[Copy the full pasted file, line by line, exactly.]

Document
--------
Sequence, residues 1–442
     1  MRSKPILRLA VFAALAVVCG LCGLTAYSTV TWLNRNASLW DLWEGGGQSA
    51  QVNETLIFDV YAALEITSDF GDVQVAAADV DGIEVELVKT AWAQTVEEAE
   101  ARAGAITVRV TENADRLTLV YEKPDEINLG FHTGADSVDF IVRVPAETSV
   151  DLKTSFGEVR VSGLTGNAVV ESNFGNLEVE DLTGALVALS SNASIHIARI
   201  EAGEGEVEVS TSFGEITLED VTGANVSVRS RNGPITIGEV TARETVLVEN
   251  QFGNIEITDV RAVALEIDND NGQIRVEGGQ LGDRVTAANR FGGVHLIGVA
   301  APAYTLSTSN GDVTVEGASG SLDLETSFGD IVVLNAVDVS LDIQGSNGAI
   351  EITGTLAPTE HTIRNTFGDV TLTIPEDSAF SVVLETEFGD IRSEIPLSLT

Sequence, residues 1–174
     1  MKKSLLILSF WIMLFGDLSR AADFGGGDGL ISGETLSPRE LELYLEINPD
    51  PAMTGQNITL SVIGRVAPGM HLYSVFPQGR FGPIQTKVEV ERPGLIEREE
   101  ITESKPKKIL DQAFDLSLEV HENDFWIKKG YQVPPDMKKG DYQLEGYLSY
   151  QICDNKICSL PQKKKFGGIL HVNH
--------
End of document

Sequence, residues 1–442
     1  MRSKPILRLA VFAALAVVCG LCGLTAYSTV TWLNRNASLW DLWEGGGQSA
    51  QVNETLIFDV YAALEITSDF GDVQVAAADV DGIEVELVKT AWAQTVEEAE
   101  ARAGAITVRV TENADRLTLV YEKPDEINLG FHTGADSVDF IVRVPAETSV
   151  DLKTSFGEVR VSGLTGNAVV ESNFGNLEVE DLTGALVALS SNASIHIARI
   201  EAGEGEVEVS TSFGEITLED VTGANVSVRS RNGPITIGEV TARETVLVEN
   251  QFGNIEITDV RAVALEIDND NGQIRVEGGQ LGDRVTAANR FGGVHLIGVA
   301  APAYTLSTSN GDVTVEGASG SLDLETSFGD IVVLNAVDVS LDIQGSNGAI
   351  EITGTLAPTE HTIRNTFGDV TLTIPEDSAF SVVLETEFGD IRSEIPLSLT

Sequence, residues 1–174
     1  MKKSLLILSF WIMLFGDLSR AADFGGGDGL ISGETLSPRE LELYLEINPD
    51  PAMTGQNITL SVIGRVAPGM HLYSVFPQGR FGPIQTKVEV ERPGLIEREE
   101  ITESKPKKIL DQAFDLSLEV HENDFWIKKG YQVPPDMKKG DYQLEGYLSY
   151  QICDNKICSL PQKKKFGGIL HVNH